Karl Dietrich Bracher. Turning Points in Modern Times: Essays on German and European History. Cambridge, Mass.: Harvard University Press, 1995. xiv + 338 pp. $70.00 (cloth), ISBN 978-0-674-91353-0; $34.50 (paper), ISBN 978-0-674-91354-7.
Reviewed by C. Edmund Clingan (Queensborough Community College, City University of New York)
Published on H-German (February, 1996)
Turning Points in Modern Times is a collection of nineteen addresses and essays written by Karl Dietrich Bracher between 1983 and 1992. Bracher, a longtime Professor of Political Science at the University of Bonn, recounts how his first real experience with liberal democracy came after 1943 when he was captured during the North African campaign and interned in a POW camp in Kansas. Bracher studied ancient history at the camp and continued after the war at the University of Tuebingen. Inevitably he was drawn from the fall of the Roman Republic to the more recent fall of the Weimar Republic; this latter problem has preoccupied most of his professional life. The book is not intended as a scholarly volume so much as a presentation of more informal essays and think-pieces. It creates the effect of sitting in conversation by a fireplace with a wise old friend, roving time and space from the streets of ancient Athens to the gulags of the modern Soviet Union. The rather random arrangement allows for no development of argument but the recurring themes throughout are the natures of democracy, socialism, and totalitarian- ism.
In the spirit of pleasant but vigorous conversation, let me take issue with some of Bracher's theories and interpretations. The editors at Harvard should have arranged the volume so that the essay "Totalitarianism as Concept and Reality" could have appeared first (instead of tenth) and "The Ideas and Failure of Socialism" second (rather than fifth). These two essays lay out the strengths and weaknesses of Bracher's theories. Bracher himself seems unsure at times what constitutes a fully totalitarian system. Sometimes he uses a broad brush to cover all fascist and communist dictatorships; other times, he seems to pull back. Clearly there were differences in the Soviet Union under Stalin on the one hand and Khrushchev and Brezhnev on the other. It is very difficult to draw sharp lines when discussing centralized political power. Many Americans would regard German gun laws, personal registration with authorities, radio and television licensing, and closing hours as "totalitarian" intrusions upon liberty. Bracher includes China as a totalitarian society, yet he was allowed to deliver an address at Southeastern University in Nanking.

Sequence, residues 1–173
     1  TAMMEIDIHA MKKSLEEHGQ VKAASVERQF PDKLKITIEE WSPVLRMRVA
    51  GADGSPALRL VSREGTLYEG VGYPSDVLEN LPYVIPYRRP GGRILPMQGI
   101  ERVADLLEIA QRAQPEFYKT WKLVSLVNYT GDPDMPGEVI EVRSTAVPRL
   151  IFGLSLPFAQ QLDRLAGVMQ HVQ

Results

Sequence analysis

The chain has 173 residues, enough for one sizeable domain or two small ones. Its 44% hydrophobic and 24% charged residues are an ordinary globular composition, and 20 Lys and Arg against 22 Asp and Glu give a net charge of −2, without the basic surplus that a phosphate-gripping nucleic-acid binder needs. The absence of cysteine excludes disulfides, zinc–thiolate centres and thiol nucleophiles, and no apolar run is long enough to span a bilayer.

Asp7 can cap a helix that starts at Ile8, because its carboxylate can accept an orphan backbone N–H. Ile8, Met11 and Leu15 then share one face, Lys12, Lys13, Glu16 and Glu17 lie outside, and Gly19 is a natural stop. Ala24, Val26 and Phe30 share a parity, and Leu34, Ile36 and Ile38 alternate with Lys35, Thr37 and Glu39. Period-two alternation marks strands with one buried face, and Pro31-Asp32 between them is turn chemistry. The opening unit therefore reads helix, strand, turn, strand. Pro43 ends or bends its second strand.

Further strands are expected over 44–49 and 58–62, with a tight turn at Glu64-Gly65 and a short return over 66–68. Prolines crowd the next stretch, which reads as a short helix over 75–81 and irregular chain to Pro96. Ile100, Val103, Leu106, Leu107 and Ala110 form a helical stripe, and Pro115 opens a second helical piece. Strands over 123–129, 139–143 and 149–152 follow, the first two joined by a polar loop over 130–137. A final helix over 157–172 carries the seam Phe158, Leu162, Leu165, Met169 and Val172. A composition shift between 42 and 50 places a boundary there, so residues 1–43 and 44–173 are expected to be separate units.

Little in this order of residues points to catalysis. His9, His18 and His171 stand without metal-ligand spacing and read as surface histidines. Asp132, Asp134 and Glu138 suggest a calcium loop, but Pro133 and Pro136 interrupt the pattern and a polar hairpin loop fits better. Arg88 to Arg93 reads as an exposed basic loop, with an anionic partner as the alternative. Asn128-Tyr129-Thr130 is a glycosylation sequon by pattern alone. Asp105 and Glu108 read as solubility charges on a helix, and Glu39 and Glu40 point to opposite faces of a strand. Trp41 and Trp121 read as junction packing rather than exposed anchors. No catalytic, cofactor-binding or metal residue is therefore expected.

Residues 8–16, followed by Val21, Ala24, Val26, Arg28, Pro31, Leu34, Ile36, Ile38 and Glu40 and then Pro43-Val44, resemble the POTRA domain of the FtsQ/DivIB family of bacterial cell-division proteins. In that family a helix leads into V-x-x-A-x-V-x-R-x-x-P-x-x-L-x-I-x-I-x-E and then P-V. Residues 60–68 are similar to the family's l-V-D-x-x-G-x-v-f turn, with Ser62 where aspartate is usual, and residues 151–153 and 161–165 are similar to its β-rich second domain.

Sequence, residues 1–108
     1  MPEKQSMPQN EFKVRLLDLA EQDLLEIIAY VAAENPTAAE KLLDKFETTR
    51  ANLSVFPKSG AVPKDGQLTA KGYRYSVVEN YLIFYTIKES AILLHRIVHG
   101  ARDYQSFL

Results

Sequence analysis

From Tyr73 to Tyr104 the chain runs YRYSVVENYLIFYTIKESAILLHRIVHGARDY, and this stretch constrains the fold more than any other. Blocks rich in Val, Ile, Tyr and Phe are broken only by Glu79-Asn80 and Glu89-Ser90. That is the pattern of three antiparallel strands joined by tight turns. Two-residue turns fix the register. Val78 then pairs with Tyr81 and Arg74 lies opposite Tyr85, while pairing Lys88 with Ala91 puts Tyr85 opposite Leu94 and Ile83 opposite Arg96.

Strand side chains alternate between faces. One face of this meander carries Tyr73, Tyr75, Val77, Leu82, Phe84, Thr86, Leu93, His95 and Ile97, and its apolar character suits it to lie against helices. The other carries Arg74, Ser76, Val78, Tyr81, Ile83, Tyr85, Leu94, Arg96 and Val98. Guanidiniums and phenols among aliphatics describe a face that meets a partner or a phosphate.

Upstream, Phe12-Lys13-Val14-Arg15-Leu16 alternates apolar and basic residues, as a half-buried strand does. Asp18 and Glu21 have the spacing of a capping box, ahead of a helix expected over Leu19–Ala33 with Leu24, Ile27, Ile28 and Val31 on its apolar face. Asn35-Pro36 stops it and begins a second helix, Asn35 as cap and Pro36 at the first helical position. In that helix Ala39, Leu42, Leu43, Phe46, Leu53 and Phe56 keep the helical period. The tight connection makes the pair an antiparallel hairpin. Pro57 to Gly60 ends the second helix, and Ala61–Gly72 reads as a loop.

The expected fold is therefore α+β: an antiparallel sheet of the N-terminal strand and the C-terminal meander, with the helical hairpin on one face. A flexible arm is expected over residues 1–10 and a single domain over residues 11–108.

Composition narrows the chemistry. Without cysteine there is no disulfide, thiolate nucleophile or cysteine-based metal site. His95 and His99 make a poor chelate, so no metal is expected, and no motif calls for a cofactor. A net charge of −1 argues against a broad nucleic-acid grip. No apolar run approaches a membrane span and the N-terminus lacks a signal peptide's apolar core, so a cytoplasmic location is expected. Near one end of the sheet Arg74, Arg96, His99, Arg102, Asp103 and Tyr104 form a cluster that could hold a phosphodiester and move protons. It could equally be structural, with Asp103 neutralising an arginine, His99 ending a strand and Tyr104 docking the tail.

These are old debates, but at times Bracher ventures onto shakier ground. He exalts a society of laws as being a vital democratic distinction, but the judicial systems of western democracies vary wildly and are often criticized for not providing justice. In 1987, he believed that "the late totalitarianism in the Communist system is still powerful enough...to quash any opposition from dissidents should it want to." I wonder how the Ceaucescus would have felt about this statement. Indeed many of the essays are suffused with the democratic pessimism of the late 1970s often associated with the ideas of Jean-Francois Revel, where democracies were allegedly falling prey to a "totalitarian temptation." Bracher has too much faith in totalitarianism: "in the 1950s...performance and living standards started to lag behind those in the West." Does this mean that Stalin's USSR in the 1930s had the same living standard as Roosevelt's USA? One might talk instead of a "democratic temptation": I cannot think of any liberal democracies voluntarily turning themselves over to dictatorship in the last twenty-five years, but many dictatorships have opened up voting procedures or have even surrendered power (Poland, Hungary, Nicaragua, etc.).